If You Can Find Out My Identity, I'll Donate $100 to the EFF

This is playing off of this post on Reddit: http://www.reddit.com/r/netsec/comments/7u9mx/hey_reddit_think_its_easy_to_link_an_online/

The joke of course is that my name is plastered all over this website and the web in general. I was planning on donating to the EFF anyway (and, hey, so should you.) But it got me thinking about identity online.

Several months ago, I began using my real name on the web instead of screen names. I have a Reddit account, a Twitter account, a YouTube and Facebook and LinkedIn profile, and others that I’ve probably forgotten about by now.

I blame Joel Spolsky and Paul Graham. I wanted a piece of the blogosphere pie that came with not only writing software but writing about software. I wanted to pump up the number of hits a Google search for my name would return. It was pure ego, but also a bit more than that. It was a formal, professional context that I traded my anonymity for.

At first, I didn’t find anything wrong with it. I wanted to be accessible, I wanted to be transparent. I could always generate new identities. It’s comforting that the electronic veil option is still available to me. But it’s a hassle to keep generating throw away accounts to the same websites over and over again (I’m a fan on 10 Minute Mail.)

Second, I didn’t think putting myself under the public eye and in the public record would be so terrible. I became more sensitive to other people’s views, and a bit more open minded. I’m less likely to make a sarcastic quip against someone that I’ll regret days (or months, years, and most likely, deades) later. And I think this new patience and restraint has improved my character.

But I also worry that its having a chilling effect. And being confronted with a permanent record (a real one, unlike the one your high school told you of) has dulled many of my passionate outbursts, and not always for the better. What is certain is that the quantity of my online participation has dropped. I’ll type out comments, read them over, and then delete them. And I’m still uncertain how often this self-censorship happens without my awareness.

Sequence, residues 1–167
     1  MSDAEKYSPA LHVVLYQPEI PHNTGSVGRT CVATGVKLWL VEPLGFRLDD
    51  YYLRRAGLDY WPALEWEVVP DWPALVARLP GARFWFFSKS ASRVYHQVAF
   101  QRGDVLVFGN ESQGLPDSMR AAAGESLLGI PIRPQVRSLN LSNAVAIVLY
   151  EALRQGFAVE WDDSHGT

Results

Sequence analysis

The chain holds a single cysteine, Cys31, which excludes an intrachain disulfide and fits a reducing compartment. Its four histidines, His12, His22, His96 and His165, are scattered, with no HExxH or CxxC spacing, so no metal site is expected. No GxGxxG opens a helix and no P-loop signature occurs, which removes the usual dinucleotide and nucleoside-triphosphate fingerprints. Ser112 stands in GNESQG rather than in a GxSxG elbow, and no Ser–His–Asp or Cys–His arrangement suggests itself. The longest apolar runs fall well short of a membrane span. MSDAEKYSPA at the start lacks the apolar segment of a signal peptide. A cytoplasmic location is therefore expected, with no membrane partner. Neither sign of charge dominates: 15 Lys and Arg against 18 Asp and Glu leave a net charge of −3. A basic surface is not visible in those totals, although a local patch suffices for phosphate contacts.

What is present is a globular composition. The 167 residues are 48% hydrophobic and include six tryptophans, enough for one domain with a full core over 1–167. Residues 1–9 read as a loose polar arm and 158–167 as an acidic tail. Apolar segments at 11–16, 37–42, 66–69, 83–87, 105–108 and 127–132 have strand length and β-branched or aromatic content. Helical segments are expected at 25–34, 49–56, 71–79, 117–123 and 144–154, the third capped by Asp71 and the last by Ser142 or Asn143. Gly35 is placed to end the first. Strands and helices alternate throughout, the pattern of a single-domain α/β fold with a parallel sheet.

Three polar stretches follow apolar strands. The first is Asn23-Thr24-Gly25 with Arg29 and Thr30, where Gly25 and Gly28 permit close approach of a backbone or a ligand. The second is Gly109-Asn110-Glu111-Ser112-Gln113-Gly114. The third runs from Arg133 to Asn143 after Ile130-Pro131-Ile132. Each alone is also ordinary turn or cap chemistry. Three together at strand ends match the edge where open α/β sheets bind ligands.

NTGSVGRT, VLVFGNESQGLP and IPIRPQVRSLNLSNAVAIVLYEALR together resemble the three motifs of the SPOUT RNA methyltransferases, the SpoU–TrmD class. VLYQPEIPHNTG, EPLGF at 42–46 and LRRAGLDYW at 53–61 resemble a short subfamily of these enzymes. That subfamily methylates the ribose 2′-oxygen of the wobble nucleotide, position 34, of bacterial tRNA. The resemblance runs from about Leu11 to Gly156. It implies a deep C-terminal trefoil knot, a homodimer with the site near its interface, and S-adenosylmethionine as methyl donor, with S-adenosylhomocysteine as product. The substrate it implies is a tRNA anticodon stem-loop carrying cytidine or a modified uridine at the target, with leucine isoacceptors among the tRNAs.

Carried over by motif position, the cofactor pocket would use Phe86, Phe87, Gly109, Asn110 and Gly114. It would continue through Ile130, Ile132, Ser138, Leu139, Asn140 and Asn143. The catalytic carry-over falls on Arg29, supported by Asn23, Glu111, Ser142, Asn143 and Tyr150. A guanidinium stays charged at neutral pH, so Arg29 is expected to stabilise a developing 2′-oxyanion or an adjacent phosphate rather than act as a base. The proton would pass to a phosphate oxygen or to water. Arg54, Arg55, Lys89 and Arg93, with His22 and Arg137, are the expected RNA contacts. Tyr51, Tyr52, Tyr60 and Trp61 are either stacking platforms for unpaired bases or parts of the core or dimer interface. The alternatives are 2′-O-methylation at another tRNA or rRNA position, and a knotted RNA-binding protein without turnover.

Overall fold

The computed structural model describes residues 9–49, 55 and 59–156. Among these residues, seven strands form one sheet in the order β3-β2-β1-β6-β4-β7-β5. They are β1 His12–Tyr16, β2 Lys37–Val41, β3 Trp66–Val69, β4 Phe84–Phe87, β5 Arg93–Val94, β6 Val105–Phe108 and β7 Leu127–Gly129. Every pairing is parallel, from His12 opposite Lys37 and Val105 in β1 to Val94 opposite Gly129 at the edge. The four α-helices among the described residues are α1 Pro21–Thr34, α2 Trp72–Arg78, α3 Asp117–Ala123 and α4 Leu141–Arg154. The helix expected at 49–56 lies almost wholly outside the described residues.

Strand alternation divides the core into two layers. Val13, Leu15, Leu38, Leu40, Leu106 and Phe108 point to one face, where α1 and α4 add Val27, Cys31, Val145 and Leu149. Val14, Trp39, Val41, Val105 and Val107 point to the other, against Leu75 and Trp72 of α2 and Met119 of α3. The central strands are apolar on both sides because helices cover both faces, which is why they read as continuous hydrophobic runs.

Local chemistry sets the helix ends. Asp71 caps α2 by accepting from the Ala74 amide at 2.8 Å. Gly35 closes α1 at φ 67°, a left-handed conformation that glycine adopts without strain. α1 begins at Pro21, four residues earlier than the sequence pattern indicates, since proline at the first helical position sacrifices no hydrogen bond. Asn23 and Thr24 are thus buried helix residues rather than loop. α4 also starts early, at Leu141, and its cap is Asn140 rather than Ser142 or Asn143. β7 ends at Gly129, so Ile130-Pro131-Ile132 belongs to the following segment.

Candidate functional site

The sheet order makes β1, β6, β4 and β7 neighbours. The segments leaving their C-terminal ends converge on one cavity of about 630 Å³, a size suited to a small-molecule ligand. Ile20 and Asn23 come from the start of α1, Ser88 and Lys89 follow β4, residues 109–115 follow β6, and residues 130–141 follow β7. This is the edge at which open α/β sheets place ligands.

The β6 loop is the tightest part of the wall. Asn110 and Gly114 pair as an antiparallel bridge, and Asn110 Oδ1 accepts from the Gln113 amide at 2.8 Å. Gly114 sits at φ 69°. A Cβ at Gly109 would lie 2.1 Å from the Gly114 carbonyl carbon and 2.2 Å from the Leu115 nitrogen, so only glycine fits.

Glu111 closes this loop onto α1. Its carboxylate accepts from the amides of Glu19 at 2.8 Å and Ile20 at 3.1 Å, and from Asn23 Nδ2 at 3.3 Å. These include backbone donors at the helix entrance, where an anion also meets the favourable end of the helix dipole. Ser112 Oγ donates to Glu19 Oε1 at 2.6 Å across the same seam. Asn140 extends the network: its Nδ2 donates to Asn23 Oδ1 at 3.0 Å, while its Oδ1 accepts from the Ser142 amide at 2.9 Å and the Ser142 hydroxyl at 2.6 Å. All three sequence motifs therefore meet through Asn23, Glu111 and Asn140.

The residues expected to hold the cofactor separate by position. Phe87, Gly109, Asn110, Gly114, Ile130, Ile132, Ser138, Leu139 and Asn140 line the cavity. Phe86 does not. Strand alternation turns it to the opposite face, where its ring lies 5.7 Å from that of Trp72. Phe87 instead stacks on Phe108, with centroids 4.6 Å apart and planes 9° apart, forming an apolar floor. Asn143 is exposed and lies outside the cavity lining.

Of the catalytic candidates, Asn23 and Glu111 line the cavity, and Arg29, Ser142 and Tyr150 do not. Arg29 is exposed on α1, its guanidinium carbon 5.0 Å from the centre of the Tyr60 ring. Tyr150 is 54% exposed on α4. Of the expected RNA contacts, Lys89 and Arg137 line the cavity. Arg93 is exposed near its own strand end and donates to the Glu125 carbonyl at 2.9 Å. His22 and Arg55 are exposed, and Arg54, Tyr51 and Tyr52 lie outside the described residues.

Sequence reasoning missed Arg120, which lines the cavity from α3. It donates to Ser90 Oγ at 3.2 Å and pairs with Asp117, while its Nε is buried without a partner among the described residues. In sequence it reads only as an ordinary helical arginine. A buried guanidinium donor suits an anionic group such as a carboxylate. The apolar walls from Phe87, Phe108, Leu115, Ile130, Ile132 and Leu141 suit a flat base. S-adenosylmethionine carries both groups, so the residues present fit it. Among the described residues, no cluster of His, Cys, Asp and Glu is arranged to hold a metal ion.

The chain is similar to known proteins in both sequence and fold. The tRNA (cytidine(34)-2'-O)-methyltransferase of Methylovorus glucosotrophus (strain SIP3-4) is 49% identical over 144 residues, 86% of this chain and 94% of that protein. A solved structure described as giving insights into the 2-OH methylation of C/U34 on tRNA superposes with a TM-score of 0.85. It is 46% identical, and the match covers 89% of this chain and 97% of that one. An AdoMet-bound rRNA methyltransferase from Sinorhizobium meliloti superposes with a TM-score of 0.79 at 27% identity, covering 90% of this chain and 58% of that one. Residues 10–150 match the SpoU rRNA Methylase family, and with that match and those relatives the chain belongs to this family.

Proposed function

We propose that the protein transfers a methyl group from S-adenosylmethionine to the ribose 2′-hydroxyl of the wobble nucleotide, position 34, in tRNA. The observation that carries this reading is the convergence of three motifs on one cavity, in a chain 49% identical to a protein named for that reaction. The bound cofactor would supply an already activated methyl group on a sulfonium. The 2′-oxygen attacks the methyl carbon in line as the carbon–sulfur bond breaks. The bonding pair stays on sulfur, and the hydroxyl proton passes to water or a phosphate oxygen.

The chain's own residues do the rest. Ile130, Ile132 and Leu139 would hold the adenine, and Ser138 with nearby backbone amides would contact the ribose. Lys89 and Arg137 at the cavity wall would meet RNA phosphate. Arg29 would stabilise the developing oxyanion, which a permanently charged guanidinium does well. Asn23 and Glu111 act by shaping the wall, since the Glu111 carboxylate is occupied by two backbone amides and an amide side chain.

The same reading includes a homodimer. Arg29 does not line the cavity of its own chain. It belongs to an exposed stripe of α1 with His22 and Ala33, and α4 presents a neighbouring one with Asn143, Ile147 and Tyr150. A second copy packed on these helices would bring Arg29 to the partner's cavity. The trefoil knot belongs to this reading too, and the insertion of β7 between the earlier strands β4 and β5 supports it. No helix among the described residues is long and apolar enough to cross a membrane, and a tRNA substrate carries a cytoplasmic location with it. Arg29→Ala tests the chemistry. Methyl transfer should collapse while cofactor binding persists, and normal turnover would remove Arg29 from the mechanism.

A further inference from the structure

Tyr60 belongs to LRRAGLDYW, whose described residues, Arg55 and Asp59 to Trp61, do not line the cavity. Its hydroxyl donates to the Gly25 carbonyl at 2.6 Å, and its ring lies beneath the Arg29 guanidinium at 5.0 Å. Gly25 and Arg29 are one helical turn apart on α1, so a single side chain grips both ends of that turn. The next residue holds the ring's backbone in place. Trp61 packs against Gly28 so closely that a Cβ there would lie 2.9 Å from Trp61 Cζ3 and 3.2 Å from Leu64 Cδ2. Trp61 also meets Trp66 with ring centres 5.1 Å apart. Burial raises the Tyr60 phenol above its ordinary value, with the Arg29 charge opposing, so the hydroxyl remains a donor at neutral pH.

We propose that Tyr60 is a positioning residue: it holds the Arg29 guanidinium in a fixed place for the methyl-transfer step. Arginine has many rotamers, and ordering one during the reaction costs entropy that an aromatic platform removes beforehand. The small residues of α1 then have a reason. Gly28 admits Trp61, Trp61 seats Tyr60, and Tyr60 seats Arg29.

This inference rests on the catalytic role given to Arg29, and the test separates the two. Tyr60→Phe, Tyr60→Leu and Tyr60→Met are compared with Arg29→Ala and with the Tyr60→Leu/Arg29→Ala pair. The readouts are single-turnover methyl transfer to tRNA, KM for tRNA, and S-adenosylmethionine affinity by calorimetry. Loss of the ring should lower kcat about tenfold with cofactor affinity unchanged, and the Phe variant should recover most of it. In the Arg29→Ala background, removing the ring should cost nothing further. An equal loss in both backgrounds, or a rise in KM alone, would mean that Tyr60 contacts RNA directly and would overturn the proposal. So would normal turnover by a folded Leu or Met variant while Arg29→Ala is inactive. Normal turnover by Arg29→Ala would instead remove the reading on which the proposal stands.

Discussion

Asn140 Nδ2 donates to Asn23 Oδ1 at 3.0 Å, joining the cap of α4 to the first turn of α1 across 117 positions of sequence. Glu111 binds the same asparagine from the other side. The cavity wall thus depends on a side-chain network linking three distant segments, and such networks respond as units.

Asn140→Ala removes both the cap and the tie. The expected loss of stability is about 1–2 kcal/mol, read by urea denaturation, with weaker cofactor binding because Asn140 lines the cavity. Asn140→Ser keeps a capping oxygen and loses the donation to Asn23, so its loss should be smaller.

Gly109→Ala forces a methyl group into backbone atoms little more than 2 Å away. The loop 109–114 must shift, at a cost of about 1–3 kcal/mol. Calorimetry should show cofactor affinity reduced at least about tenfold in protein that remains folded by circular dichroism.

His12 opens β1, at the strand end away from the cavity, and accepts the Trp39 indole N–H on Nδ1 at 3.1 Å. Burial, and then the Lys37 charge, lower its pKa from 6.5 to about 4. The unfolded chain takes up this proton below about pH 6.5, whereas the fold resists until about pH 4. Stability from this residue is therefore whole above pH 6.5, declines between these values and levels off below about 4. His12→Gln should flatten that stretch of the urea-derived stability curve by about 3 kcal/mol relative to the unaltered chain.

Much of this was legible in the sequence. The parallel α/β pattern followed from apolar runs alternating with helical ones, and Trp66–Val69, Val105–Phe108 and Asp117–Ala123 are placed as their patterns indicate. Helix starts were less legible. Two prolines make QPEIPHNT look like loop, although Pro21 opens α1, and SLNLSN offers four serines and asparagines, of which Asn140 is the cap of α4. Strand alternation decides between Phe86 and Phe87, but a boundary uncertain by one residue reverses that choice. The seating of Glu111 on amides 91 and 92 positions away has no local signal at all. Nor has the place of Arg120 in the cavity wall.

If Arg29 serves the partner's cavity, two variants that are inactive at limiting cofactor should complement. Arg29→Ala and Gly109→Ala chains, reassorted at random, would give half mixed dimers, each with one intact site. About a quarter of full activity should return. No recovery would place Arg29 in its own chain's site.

One things for sure: my sympathy for celebrities and other well-known people has increased. I still have the comfort of being a faceless though not nameless guy with a website, instead of any measure of real popularity. But the pot shots from an unending parade of online assholes still manages to get under my skin sometimes, no matter how thick my skin becomes.

When I first started making videos about atheism of YouTube, I received several several bits of hate-mail and one not-so-serious death threat. What unnerved me about this wave of people who had such vitriolic feelings towards me was that they could also figure out my real name. Anyone I see on the street could be an unhinged stalker. It’s unlikely, and I think about it very rarely. Usually at two in the morning when I’m about to fall asleep.

My advice to anyone who would take this route: I’d go for it, after some thought. I feel that it has made me a much more magnanimous person online in the way I treat others. But then again, I haven’t exactly had psycho lovers or paparazzi relentlessly calling me or picketing outside my home. And I don’t have the same problem that female bloggers face for simply being “teh girl on teh internets.” Overall, my experience has been positive. And while I like having the faceless option still available, it makes me feel more engaged with people to communicate not with a screen name, but a human name.

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